It’s a one-hour drive to Hawaii Volcanoes National Park. While Mauna Kea is a dormant volcano–it’s been 46 centuries since it last erupted–Kilauea volcano has been pouring lava down its side and adding to the Big Island’s land mass every day for the past 33 years, living up to its name, which means “spreading, much spewing.”
        “Kilauea is an infusive volcano, meaning there is no eruption, just a slow oozing,” explains Nathan Romeo, head guide for Nui Pohaku Adventure Tours, who has been guiding here for nine years.
        We had been walking through barren lava wastes, but suddenly we are in a rainforest. “Within a few minutes, we have moved from a High Altitude Desert Zone to Continuously Wet Warm Temperate Zone,” says Romeo. “Climate zones are determined by elevation, temperature and trade winds.”
        Near the village of Volcano, the Niaulani Rain Forest offers a short loop trail lined with giant koa and ohia trees. Black-faced nenes, a species of goose found only in Hawaii and the official state bird, strut on the forest floor with Chaplinesque jerkiness. Apapne birds, the Hawaiian honeycreeper, sing loudly, chirping and whistling, from the trees.
        There are a dozen or more shades of green, including 29 species of ferns, some of them larger than many trees. Markers describe how ancient Hawaiians put the ferns to use-- akolea. (appetite enhancer), Amau (glue), Hoio hapuu (embalming), Olomea (fire starter).
        The next day I’m in a Tropical Winter-Dry Zone where some of the world’s best coffee is grown along the Big Island’s famed Kona coffee belt, which consists of some 600 small farms, most of them in single-digit acreage, on the slope of Mauna Loa volcano.
        The 25-mile strip takes me past old plantation towns–Honalo, Kainaliu, Kealakekua, Captain Cook and Napoopoo. It is lined with farms, coffee mills, roasters, museums, tasting rooms and cafes. Coffee trees are nurtured in rich and generative volcanic soil
        “This is the perfect place to grow coffee,” says Norman Sakata, pointing generally up the slope to where the top of Mauna Loa is robed in mist. “We have sun in the morning, and clouds in the afternoon. It’s a coffee greenhouse.” Sakata should know. His family has been growing coffee here since 1893, when his grandfather, who had emigrated from Japan, completed three years of indentured service at a sugar plantation and set out on his own.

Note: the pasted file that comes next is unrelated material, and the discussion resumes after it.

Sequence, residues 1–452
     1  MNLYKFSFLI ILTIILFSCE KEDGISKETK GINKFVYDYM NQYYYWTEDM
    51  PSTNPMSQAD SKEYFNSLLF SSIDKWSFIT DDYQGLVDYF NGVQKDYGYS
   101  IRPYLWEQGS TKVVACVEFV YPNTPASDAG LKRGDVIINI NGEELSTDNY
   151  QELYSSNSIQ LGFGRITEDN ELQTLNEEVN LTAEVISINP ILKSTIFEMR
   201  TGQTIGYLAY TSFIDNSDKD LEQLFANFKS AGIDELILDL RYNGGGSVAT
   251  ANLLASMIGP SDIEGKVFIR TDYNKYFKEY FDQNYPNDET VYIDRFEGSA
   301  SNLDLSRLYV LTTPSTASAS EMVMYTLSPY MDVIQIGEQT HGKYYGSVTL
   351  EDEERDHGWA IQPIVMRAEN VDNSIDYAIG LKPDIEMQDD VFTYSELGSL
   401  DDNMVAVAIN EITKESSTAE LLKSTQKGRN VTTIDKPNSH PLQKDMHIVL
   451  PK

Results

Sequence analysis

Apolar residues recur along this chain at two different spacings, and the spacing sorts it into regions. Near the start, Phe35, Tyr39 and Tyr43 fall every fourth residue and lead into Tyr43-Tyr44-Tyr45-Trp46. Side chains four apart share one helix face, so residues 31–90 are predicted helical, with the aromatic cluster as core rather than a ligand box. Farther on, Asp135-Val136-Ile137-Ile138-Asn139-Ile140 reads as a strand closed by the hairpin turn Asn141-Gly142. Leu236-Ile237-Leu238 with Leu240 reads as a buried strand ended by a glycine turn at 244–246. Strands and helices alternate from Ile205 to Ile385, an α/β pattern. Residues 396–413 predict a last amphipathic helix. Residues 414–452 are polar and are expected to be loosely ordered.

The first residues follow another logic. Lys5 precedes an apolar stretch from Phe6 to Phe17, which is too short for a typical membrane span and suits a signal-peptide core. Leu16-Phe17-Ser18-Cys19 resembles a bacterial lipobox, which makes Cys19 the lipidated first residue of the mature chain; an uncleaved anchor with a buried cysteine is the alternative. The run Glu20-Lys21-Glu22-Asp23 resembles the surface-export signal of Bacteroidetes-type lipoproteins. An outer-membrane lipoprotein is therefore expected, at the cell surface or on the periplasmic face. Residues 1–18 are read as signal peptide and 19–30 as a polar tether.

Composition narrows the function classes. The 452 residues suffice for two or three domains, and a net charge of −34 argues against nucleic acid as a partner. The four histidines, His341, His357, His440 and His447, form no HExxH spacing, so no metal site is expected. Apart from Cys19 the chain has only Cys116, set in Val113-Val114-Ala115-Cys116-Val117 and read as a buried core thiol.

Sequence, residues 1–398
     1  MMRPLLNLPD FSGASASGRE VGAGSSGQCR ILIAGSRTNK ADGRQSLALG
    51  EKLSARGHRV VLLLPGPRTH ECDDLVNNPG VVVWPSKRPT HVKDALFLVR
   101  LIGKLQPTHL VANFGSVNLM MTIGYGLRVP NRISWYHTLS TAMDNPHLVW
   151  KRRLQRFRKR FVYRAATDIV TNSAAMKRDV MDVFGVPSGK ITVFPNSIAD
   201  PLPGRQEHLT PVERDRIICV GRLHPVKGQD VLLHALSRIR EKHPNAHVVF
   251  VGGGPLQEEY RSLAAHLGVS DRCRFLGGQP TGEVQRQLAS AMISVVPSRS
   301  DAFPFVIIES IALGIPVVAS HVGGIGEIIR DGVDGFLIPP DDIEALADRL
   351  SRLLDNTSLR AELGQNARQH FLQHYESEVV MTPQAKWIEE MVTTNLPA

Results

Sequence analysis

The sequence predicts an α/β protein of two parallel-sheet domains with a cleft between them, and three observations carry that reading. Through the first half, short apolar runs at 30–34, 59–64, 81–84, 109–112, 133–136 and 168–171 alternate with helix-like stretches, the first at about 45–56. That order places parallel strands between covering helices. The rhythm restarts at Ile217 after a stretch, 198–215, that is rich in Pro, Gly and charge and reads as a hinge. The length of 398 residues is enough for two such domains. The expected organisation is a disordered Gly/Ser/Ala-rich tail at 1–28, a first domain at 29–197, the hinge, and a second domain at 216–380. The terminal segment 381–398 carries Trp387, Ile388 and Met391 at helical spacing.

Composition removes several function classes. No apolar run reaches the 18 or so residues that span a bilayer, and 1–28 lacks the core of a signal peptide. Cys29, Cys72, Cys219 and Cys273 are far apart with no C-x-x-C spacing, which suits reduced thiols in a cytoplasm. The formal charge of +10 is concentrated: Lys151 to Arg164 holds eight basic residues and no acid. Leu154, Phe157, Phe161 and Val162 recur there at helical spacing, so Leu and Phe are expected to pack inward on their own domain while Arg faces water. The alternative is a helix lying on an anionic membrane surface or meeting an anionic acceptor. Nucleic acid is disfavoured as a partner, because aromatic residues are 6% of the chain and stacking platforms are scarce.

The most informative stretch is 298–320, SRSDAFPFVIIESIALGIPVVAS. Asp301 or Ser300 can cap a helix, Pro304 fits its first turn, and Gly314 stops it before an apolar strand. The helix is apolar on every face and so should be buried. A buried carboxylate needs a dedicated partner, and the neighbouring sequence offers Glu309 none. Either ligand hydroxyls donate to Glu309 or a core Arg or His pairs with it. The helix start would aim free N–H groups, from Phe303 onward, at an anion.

I drive down about 1,500 feet and I’m in a Hot Semi-Desert Zone. It’s a balmy evening in downtown Kailua-Kona, and on the grounds of Hulihee Palace parents and grandparents are seated on lawn chairs watching a group of children practice hula. Overhead, palm fronds are being rattled by a gentle breeze coming off Kailua Bay. The palace was a summer seaside retreat for Hawaii’s kings and queens until the monarchy was overthrown in 1893. Today, Hulihee is a well-preserved historic site surrounded by a rock wall.
        I head north along the Kona coast, into the Hot Desert Zone. It is dry and perpetually sunny, dotted with world-class golf courses and luxury oceanfront resorts. One of them is the Mauna Kea Beach Hotel–the grand dame of resorts on the Big Island--and what it offers guests more than anything else is a view with a room.
        From the lobby I can see one of Hawaii’s most beautiful white sand beaches—a perfect crescent of sand and palm trees. When I turn 180 degrees, I can see the hotel’s namesake volcano soaring into the clouds, where I began my journey three days ago.
        I have covered 10 climate zones. I could have achieved the same thing by
       visiting Japan’s Mount Fuji, the Australian Outback, the Peruvian Amazon Rainforest, Africa’s Serengeti Plain, Mumbai, San Francisco, Madagascar, Namibia, Dubai, Paris, and the Oregon Cascades.

William Ecenbarger is an award-winning journalist whose magazine and newspaper articles appear in markets throughout the world. He is also the author of three books: Kids for Cash (2012), which recounts one of the worst judicial scandals in American History; Glory by the Wayside (2008), a photo-essay book released this year about the old churches of Hawaii, and Walkin’ the Line, (2000) a travel-history narrative about the Mason-Dixon Line. As a travel writer, he has produced more than 300 articles for newspaper and magazine outlets in the U.S., Australia and Canada. He has won 17 writing awards from the Society of American Travel Writers, which named him "Lowell Thomas Travel Writer of the Year" in 1996. He lives in Hershey, PA.